7.6.4 Bulk-Loading Data

While you can write code to load a lot of data into MySQL quickly, nothing beats the performance of using MySQL's LOAD DATA INFILE and LOAD DATA LOCAL INFILE commands to read data in from a flat file. In fact, the mysqlimport command-line tool uses LOAD DATA INFILE behind the scenes.

In all 3.23.xx versions of MySQL, replicating the LOAD DATA INFILE command is problematic. The contents of the file aren't stored in the binary log; only the query is, so the file must exist on the master until all slaves have copied it (they will do so automatically when they need it). If the file is removed prematurely, slaves can't copy the file, and replication will fail.

The LOAD DATA LOCAL INFILE command isn't affected. When the LOCAL option is specified, the mysql client reads the file from the client and generates the appropriate SQL to insert the data.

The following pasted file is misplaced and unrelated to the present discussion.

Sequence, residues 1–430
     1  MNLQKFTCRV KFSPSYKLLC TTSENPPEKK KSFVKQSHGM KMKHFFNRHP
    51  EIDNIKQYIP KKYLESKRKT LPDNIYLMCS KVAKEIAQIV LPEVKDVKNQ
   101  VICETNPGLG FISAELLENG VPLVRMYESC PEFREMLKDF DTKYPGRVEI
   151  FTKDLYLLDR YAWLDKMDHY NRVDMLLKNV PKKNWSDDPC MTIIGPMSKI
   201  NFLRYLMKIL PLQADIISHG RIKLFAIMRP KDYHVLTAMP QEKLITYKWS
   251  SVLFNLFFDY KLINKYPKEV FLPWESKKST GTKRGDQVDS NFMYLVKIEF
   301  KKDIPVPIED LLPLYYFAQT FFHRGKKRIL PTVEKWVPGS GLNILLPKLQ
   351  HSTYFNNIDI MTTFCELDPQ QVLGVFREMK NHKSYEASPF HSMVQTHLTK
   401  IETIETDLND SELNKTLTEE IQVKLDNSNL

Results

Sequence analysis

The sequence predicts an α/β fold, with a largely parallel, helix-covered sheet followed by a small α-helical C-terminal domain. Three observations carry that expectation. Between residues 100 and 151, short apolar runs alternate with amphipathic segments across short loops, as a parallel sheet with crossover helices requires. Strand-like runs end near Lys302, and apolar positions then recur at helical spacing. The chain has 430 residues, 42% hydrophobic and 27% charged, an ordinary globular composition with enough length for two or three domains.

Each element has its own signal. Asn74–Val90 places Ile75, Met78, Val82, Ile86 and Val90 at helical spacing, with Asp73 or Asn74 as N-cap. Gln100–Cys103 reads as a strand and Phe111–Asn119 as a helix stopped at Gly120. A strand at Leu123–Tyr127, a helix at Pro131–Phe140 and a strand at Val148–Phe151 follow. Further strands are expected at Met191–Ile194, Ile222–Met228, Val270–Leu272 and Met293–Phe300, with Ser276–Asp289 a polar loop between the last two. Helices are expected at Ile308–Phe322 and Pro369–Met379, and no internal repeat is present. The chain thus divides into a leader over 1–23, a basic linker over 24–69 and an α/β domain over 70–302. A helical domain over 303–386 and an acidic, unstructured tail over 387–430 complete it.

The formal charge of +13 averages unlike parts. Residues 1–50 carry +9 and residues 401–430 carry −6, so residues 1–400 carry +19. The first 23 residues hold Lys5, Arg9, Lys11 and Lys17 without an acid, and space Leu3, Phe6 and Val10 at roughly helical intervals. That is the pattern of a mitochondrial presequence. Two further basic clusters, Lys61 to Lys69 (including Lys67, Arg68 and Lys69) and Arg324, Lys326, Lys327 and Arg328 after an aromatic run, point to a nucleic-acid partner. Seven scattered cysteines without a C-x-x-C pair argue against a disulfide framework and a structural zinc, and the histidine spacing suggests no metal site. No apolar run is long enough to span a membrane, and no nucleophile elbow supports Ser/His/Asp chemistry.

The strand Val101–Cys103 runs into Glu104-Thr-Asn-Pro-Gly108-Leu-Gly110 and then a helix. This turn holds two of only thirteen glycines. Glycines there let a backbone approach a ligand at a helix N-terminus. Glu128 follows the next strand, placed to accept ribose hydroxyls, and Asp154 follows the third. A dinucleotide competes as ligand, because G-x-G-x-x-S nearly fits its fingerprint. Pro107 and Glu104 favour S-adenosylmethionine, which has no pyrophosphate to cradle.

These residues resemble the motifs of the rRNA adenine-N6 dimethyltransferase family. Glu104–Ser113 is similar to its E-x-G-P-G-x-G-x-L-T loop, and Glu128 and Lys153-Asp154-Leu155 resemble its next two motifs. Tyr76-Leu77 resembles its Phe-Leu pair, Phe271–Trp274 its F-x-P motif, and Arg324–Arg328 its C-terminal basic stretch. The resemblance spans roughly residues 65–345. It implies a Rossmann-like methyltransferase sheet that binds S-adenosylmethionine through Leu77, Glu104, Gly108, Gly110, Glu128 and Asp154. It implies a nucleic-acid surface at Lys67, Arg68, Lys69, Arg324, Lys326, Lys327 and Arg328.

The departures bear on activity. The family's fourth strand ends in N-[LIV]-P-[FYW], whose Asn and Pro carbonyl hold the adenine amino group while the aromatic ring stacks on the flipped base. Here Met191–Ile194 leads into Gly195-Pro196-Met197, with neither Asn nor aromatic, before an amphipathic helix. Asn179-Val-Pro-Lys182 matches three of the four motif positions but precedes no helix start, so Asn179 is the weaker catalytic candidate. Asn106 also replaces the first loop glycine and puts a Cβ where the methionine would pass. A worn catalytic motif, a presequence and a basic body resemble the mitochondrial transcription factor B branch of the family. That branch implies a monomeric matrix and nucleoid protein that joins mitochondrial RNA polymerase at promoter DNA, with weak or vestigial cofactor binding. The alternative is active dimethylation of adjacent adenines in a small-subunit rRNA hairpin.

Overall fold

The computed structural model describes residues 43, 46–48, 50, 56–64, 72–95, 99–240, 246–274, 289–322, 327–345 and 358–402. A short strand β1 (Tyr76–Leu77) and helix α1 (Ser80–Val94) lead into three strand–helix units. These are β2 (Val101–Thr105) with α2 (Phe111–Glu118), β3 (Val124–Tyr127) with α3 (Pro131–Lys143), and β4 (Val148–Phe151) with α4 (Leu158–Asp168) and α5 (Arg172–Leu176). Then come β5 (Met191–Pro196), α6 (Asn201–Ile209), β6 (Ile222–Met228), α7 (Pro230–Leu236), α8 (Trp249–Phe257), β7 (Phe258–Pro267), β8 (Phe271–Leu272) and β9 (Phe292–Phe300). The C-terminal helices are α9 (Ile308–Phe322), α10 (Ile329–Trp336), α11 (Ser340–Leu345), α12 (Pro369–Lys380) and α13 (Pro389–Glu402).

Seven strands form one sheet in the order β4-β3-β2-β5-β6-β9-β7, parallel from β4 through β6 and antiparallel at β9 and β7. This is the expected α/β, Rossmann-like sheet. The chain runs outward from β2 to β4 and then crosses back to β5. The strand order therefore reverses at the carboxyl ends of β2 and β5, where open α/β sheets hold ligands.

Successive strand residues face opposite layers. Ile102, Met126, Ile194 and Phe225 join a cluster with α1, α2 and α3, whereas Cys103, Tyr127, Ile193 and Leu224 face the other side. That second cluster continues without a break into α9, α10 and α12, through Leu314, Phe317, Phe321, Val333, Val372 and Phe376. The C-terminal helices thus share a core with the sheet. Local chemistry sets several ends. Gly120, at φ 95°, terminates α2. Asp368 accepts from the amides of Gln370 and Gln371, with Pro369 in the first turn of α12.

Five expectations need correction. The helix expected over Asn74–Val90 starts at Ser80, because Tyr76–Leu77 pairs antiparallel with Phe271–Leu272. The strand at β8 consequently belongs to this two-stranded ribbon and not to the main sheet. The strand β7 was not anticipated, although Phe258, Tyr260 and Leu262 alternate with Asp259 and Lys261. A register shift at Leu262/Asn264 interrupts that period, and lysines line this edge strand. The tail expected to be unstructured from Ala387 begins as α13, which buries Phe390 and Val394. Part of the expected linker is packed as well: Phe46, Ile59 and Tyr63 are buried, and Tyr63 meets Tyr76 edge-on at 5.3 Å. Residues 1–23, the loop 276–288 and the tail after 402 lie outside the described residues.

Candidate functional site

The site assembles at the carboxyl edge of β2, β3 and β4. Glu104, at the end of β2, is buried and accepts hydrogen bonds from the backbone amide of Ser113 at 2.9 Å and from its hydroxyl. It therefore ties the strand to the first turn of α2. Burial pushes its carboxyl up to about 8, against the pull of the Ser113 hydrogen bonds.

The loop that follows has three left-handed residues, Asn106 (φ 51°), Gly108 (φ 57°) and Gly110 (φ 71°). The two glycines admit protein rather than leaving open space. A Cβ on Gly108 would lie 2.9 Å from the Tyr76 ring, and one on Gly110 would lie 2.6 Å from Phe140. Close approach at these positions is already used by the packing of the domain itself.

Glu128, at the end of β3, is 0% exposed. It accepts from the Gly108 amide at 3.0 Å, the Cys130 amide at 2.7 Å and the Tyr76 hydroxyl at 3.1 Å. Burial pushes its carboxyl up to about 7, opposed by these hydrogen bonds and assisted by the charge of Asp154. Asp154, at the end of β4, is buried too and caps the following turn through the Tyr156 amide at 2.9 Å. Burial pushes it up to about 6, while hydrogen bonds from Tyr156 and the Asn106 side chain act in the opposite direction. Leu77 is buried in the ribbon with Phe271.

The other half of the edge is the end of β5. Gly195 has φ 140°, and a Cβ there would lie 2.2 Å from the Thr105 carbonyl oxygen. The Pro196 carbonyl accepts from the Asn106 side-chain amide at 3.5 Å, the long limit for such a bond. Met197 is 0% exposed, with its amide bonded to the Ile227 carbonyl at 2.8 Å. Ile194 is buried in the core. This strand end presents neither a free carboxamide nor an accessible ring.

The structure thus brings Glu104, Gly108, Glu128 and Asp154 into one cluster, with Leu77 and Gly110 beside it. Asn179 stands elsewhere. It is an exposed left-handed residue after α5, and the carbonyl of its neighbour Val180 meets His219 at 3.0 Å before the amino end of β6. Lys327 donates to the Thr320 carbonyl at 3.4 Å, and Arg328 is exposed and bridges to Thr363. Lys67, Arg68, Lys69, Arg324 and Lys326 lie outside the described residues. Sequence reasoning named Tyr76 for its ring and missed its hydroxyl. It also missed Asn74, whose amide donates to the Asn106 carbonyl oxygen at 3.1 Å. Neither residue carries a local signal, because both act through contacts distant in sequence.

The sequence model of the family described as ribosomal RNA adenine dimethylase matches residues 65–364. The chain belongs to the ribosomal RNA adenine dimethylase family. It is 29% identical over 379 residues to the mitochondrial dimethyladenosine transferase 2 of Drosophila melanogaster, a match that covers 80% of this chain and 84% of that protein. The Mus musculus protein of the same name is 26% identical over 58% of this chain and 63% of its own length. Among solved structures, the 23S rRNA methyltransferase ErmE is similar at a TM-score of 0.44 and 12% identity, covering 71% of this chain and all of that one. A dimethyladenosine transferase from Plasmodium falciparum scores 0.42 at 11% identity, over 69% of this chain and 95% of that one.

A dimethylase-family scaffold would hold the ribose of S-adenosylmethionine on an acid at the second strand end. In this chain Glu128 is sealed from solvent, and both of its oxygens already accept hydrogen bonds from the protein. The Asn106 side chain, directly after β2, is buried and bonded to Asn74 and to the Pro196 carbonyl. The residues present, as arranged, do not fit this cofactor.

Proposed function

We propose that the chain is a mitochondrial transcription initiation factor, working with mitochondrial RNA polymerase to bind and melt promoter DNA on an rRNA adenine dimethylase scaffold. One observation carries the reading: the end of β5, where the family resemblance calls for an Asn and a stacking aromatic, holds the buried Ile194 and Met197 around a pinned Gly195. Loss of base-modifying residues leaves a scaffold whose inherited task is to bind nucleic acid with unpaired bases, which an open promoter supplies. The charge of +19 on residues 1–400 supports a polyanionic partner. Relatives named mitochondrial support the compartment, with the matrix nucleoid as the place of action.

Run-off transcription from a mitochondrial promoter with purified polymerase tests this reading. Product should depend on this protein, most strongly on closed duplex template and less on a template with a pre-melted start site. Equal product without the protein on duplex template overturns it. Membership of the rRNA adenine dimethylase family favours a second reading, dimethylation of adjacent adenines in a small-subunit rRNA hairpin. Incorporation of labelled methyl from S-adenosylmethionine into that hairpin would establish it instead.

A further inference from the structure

To avoid this problem, it's best either to load the data remotely using the latter syntax or to import the data programmatically. Either option ensures that the inserting is done via normal SQL statements that will all be properly logged.

Starting with Version 4.0, MySQL doesn't have this limitation. When a LOAD DATA INFILE command is issued, MySQL actually copies the entire file into the binary log. Slaves don't need to pull a copy of the original file from the master's disk.

7.6.5 Nonreplicated Dependencies